Causes, Effects, and Significance of the Embargo Act of 1807

One of the significant and important Acts in the early history of the U.S. was the Embargo Act of 1807. Causes and effects of this law lay bare its futility, and the ill-judged purpose behind it. Read on, to know more about this law.
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Significance of the Embargo Act of 1807
Ironic much?
Jefferson, who had always advised minimal government interference, contradicted his own principles by putting in place this law, which gave him extraordinary and unprecedented power over all American trade.
The Embargo Act was an embargo declared by the USA, under President Jefferson, against Britain and France, the prime combatants in the Napoleonic Wars. It was the U.S' response to conditions during the Napoleonic Wars that tested their declared neutrality. Here's a summary of the conditions that led to the law, and its significance, and whether it served its purpose.

Background

When the rest of Europe united against Napoleon under the leadership of Britain, the U.S. declared their neutrality in the faraway war, seeking to keep its trade links with European countries unharmed. However, wartime circumstances meant that both Britain and France did their best to hamper the sources of revenue of the other faction.

As a result, American trade ships came under fire from both French and British vessels, severely endangering American trade interests in Europe, and the revenue it generated for the American people.

Britain had naval superiority over France, and blocked the passage of American ships into continental European ports under their control unless the ships registered in a British port first. The British policy of impressment was particularly galling to American honor and hated by the masses. Under this system, British vessels ignored the neutrality of the U.S. trade vessels to forcibly detain any sailors found to be British deserters and put them to work in the British navy. This practice often extended to forcibly taking able American sailors as well. Though the French didn't abduct Americans working on the ships, they looted the cargo on board, claiming the war as an extenuating circumstance.

The worst incident in a series of impressments was the altercation between the American ship USS Chesapeake and the British ship HMS Leopard, known as the Chesapeake-Leopard Affair. The Brits didn't just carry out an impressment on the American vessel, but actually pursued and opened fire on it, killing three of the crew. Following this incident, on June 22, 1807, the British didn't apologize and showed no signs of stopping their oppressive impressment tactics.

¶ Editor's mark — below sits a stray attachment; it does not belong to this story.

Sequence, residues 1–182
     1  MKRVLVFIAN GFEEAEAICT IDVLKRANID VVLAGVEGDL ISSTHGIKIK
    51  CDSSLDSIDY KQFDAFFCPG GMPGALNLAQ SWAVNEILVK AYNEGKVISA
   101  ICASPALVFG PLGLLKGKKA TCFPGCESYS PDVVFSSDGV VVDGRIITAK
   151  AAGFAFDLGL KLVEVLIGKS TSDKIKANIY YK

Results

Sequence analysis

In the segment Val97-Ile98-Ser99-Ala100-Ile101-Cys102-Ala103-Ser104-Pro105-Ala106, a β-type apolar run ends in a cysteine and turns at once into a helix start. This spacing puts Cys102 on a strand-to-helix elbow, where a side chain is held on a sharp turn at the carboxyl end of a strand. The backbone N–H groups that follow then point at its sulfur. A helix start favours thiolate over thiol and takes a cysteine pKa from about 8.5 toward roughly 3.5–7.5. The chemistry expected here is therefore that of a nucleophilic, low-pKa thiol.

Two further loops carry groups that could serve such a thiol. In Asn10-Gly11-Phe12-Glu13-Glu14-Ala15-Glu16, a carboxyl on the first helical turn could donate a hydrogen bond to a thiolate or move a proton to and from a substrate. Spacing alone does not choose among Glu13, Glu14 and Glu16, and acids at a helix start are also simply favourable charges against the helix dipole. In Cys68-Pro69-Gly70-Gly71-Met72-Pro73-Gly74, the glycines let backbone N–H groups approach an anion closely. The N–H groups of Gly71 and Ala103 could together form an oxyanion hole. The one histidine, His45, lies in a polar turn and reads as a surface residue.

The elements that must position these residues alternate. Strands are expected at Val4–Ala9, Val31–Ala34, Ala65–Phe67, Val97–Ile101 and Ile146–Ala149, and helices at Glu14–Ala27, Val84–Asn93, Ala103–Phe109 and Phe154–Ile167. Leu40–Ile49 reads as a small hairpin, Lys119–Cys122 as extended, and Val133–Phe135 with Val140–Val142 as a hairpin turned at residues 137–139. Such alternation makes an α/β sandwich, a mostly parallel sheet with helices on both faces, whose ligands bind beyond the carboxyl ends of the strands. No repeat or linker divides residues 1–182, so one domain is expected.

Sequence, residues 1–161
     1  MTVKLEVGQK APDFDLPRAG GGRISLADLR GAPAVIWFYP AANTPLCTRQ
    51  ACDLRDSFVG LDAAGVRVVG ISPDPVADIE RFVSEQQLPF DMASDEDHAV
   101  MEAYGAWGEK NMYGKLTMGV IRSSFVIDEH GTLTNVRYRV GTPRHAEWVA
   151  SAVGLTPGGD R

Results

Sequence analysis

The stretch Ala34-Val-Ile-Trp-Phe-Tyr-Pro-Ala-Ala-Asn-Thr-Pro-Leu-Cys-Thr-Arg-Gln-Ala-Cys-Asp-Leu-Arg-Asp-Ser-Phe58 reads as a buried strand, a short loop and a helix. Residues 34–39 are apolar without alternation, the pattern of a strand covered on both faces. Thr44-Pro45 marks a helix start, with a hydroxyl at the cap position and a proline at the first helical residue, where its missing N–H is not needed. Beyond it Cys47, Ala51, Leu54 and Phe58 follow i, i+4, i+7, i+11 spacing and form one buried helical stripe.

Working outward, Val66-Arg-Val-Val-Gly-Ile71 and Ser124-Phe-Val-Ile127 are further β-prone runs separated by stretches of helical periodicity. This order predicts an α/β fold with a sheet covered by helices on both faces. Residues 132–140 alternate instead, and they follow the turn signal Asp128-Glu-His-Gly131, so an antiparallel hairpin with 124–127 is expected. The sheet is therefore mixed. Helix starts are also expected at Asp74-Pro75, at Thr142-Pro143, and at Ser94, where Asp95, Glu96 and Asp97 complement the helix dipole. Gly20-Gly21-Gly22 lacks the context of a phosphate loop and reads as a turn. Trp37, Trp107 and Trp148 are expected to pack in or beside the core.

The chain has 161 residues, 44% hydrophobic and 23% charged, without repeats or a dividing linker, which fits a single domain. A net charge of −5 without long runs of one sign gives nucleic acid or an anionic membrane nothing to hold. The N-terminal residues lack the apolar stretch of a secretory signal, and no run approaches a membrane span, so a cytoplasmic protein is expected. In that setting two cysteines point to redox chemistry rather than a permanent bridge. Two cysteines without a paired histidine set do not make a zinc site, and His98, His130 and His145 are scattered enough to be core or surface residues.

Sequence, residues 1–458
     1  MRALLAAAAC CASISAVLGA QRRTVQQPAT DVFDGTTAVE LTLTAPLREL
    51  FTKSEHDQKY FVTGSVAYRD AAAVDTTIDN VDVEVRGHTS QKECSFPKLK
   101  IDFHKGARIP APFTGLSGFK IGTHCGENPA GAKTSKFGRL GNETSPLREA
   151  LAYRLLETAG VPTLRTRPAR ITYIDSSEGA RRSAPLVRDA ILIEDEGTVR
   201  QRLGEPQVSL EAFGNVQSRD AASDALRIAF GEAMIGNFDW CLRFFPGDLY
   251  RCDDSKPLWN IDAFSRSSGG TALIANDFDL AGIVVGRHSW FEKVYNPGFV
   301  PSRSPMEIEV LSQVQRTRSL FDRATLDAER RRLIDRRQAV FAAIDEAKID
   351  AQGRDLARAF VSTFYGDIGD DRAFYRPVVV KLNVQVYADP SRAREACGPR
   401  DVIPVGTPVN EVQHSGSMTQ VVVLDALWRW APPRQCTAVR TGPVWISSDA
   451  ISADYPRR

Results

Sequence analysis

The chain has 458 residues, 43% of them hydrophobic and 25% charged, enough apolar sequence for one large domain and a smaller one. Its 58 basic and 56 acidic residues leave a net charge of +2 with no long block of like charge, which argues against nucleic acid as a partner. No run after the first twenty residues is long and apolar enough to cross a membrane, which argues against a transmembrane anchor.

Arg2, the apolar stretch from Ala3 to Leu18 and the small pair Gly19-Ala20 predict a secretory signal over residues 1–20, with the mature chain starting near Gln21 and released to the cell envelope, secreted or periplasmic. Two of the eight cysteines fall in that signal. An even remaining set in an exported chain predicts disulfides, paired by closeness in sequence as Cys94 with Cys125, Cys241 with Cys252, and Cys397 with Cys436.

The Embargo

The Chesapeake-Leopard affair, in particular, enraged the American people, who had become frustrated with the unfair damages to their ships, and the inability of the US to enforce their neutrality by protecting their craft against aggressive European ships. This led to a public demand for the mobilization of military and formal declaration of war. Such was the force of the masses that Jefferson noted that he hadn't seen such solidarity and outrage since the Battle of Lexington.

President Jefferson, however, wanted to pursue peaceful means of retaliation, and, going against public opinion, decided to impose commercial restrictions. This was supposed to be the punishment for the European powerhouses, to force them to respect American neutrality.

The Embargo Act was passed on December 22, 1807. The act was complementary to the Non-importation Act passed a year before, and banned import as well as export to and from American ports and harbors.

Consequences

Though the act had been passed to protect American trading, it went against its purpose. The ban on all naval export hurt the American economy, which was largely dependent on the export of produced goods at the time.

The significance of this fact was that the enforcement of the law became difficult, since the ban on legal trading gave rise to smuggling. This was often done through Canada. The British could still import goods to the U.S. through such illegal channels.

In early 1808, Congress introduced two more supplements to the law, which prohibited all export from America, by sea or by land. A fine of USD 10,000 was applicable to any infringement of the law, but the President had the power to ameliorate or cancel the punishments in individual cases. This was an unprecedented condition in the history of the U.S., whose economy had been centered around its exports until then. These supplements, like the initial law, were largely ignored by the populace, and circumvented where officials tried to enforce it.

One unintended benefit of the law was that the American industry received a jump start. New England, in particular, enjoyed a significant boom in manpower and output.

The law was becoming increasingly unpopular and was parodied in cartoons by the names 'O grab me', 'mob rage', etc. (both anagrams of the word 'embargo'). A popular cartoon shows a snapping turtle called Ograbme snapping at American shipping.

The Embargo Act of 1807 was repealed in the final days of the Jefferson administration. It was replaced by the Non-Intercourse Act, which gave the President the power to resume trade with nations except Britain, France, and their colonies. This law was further replaced by an Act known as Macon's Bill Number 2. It opened the doors for trade with France and Britain; Napoleon was quick to resume French trading with the U.S.
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Published: May 26, 2014
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